ATLANTA, April 18, 2013 (GLOBE NEWSWIRE) -- Consumers need to know how to protect their identities and the identities of their children, including the need to take precautions when filing their taxes, signing their kids up for after-school activities, filling out medical forms, creating passwords online and going about their daily lives. On the heels of a recent announcement from the Federal Trade Commission that identity theft continues to be its number-one consumer complaint, Equifax (NYSE:EFX) today is launching a website with detailed information for consumers about this growing problem and how to help protect themselves.
IdentityProtection.com features tips from experts, as well as stories of victims, in areas such as tax identity theft, medical identity theft and child identity theft. Experts will also discuss what people can do after realizing their identity has been stolen. A sampling of content:
- Tax identity theft: Tax identity theft is growing at an alarming rate. Tax-related identity theft incidents identified by the IRS increased 265% in the first 9 months of 2012 versus the full year of 2011, and 2011 was up over 500% versus 2010. Third-party tax expert Bill Nemeth offers tips consumers can use to help protect themselves.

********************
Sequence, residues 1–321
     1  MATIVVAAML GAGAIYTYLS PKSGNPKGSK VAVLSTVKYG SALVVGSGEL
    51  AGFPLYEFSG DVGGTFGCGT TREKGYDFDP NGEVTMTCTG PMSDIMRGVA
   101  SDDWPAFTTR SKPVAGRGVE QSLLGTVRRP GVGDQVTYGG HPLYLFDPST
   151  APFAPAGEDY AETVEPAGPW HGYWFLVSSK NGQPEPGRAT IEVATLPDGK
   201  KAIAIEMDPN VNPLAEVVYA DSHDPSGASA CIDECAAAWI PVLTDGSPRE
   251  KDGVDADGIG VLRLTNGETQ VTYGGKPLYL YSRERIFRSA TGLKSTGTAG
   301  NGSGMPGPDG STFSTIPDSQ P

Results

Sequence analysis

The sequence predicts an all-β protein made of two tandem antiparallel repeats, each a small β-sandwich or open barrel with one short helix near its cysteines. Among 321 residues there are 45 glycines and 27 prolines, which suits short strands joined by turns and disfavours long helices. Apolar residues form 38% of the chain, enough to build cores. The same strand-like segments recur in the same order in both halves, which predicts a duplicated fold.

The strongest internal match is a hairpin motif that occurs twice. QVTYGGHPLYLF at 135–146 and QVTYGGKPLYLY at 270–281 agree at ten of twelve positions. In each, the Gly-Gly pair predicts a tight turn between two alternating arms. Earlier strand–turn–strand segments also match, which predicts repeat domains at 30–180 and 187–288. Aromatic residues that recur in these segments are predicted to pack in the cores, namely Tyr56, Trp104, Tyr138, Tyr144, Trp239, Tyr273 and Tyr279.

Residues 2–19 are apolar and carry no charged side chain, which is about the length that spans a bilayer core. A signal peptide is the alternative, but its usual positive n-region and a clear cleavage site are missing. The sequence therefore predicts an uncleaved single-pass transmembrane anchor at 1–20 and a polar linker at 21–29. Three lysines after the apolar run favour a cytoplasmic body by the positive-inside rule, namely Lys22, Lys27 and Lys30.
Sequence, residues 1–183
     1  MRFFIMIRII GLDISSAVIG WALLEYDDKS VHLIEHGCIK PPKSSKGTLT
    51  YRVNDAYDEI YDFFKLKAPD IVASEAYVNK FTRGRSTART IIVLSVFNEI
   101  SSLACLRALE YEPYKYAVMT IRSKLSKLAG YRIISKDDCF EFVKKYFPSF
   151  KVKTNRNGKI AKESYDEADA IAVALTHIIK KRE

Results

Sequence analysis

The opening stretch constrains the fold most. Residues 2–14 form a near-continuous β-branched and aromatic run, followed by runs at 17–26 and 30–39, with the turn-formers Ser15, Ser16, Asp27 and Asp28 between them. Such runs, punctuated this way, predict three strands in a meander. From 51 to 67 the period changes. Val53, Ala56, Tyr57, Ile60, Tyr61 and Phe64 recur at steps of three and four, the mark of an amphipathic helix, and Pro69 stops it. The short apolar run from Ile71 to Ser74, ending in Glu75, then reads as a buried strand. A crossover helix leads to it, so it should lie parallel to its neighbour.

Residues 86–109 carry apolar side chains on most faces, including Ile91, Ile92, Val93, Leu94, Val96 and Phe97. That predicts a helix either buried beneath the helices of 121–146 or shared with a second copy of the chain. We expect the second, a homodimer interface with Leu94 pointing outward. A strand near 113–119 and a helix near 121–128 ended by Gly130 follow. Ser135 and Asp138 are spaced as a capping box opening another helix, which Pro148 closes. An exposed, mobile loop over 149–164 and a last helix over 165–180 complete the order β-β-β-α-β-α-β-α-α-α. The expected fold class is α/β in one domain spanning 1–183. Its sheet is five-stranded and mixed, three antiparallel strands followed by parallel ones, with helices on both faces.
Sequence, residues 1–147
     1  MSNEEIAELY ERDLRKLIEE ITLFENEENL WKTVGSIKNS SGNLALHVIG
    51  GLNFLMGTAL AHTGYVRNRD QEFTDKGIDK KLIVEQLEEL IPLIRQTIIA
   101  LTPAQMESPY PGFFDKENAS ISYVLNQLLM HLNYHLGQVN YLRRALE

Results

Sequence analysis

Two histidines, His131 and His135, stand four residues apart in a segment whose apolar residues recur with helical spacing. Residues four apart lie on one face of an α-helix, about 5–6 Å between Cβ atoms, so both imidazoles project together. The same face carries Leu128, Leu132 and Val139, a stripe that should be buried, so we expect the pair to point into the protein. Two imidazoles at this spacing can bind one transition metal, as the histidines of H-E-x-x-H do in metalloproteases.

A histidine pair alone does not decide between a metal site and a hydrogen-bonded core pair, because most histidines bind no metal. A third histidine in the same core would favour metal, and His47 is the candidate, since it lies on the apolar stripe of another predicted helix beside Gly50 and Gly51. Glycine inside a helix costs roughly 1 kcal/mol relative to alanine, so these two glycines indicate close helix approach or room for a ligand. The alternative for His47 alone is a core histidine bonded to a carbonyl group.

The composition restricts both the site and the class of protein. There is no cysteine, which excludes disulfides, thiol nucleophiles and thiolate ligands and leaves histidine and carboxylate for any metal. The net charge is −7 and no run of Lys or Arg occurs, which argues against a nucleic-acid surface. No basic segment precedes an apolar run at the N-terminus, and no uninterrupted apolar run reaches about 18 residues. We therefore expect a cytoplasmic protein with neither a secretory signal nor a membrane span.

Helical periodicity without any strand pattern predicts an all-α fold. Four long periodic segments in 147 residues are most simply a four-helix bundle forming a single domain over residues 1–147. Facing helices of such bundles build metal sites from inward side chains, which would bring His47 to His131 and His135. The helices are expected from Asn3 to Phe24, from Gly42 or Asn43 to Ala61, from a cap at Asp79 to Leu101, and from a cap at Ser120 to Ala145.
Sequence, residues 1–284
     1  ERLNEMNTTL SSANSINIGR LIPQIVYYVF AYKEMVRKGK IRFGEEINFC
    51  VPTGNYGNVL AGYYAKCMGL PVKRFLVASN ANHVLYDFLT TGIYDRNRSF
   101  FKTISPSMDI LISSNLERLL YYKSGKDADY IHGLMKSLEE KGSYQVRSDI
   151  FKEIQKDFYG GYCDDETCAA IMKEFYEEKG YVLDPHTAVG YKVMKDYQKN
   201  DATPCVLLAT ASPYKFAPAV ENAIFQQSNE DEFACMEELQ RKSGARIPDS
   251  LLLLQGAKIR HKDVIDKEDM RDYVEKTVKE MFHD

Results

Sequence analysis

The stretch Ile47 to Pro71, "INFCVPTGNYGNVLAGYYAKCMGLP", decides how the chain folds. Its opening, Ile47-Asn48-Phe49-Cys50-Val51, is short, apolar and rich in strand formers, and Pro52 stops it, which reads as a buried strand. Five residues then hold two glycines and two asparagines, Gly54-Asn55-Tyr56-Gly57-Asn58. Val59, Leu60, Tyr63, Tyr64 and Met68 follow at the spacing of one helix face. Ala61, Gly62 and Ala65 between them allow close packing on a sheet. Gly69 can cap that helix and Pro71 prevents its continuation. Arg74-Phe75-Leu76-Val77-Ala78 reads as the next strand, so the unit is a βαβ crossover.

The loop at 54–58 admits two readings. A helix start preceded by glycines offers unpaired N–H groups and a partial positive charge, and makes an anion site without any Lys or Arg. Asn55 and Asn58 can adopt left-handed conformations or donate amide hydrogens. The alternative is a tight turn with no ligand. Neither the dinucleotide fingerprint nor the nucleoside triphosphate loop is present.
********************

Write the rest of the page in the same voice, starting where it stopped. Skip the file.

- Identity theft and credit: Mechel Glass, vice president of community outreach at CredAbility, discusses the impact of identity theft on consumer credit and the importance of protecting personal information. CredAbility is a nonprofit organization that provides credit counseling and education to consumers.
IdentityProtection.com will feature robust, fresh and shareable content in written and video formats. With content provided by experts from Equifax and other organizations, consumers will be empowered to help them make the best decisions for themselves and their families."Identity theft is an increasingly pervasive problem, particularly in today's digital economy," said Trey Loughran, president of the Personal Solutions unit at Equifax. "This new website will be a rich resource for people who want not only to educate themselves about the problem, but also to take steps to help protect themselves and their families. Consumers who are armed with useful knowledge and tools can be a powerful deterrent to the rapid growth of this 'invisible' crime."